Have you calculated how much a data breach could cost your company? According to Microsoft, the average loss from a data breach is $4.2 million, but many breaches are far more expensive. Given those risks, you’ve got to implement the most up-to-date safeguards available. And at the moment, that means Multi-Factor Authentication, or MFA.
MFA is a simple enough concept: give the hackers a second, more challenging hoop to jump through before they can gain access to your website.
Commonly used MFA methods
The way MFA works is that after the user logs in with credentials, they must enter another form of authentication to make sure it’s really them. This redundancy usually follows one of three methods:
- Knowledge — The user already knows what to enter, such as a PIN, the answer to a security question, or which image to click out of an array. No one’s going to forget their mother’s maiden name, their first pet, or the name of the street they grew up on. But this category also includes the “Push” systems which send a one-time code in a text message or email for the final authentication.
- Possession — This refers to an object the user has in possession that completes the authentication process. Items include security tokens, USB drives, and smart chips embedded in credit cards. Also in this category are software-based security tokens from applications that produce one-time login codes.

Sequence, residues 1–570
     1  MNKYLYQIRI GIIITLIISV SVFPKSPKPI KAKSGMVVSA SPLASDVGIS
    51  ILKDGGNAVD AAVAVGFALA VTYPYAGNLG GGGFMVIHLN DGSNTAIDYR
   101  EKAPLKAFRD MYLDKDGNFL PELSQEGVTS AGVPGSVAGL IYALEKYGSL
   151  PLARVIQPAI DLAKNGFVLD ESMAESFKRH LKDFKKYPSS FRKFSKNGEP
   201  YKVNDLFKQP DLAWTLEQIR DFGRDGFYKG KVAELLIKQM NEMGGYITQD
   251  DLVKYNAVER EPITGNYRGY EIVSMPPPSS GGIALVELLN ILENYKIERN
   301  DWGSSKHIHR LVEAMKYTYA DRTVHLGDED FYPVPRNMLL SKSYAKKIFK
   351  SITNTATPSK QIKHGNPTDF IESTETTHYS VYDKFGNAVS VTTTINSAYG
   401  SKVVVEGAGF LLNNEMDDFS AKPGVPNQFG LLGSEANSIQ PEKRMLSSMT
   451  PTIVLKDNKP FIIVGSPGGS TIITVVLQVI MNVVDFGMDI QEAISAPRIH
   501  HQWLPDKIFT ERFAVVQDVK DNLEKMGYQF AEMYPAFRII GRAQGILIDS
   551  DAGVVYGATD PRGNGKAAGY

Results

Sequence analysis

- Inherence — This process uses something that’s unique to you, such as a thumb print, retina or iris scan, voice authentication, facial recognition, or even the geometric configuration of your earlobes.
Lesser used methods include location and time-based authentication. For example, a person might log onto a website, which then tracks their position via their cellphone. Also, using a combination of location and time, a website could deny access to someone logging in from Miami, when it knows that person was in Tulsa 10 minutes ago.
There are a few more wrinkles that provide additional security and convenience, such as:
- Adaptive authentication — This system recognizes when a user is not logging in from their usual site and demands additional authentication on that basis. Log in from home, you’re clear. Log in from Panera, and we’re going to ask questions.
- Single sign-on — SSO is a processes of sharing authentication across various applications, so a user only has to log in once. Google uses this method across all of its various applications. Once you are logged into Google Drive, you automatically have access to Docs, Gmail, and Sheets. Few businesses have so many apps that this method is necessary.
What type of MFA is right for you?
This answer depends greatly on how your employees, clients or customers use your system. But certainly, some type of MFA is called for. You cannot risk a ransomware attack that would halt operations and compromise your proprietary information, or a breach and would put private data in jeopardy.
If you store personally identifiable information on your website, you have a legal duty to secure it using appropriate methods. What is judged to be appropriate evolves with the technology. Hackers are becoming more savvy, and so are industry defenses. If you fail to keep pace with security advances, and you suffer a breach, a court could find you negligent. But by using the best methods available, you can avoid crushing liability if a breach occurs.
Get an MFA program that’s right for your company and your users
At KMF Technologies, we are experts in information system security, serving a wide range of industries from construction to healthcare. We custom build plans that specifically fit our clients’ needs. Our solutions are scaled to your usage, so you never pay for features you’re not going to use. Call us to schedule a free consultation and get your business information systems protected and running smoothly.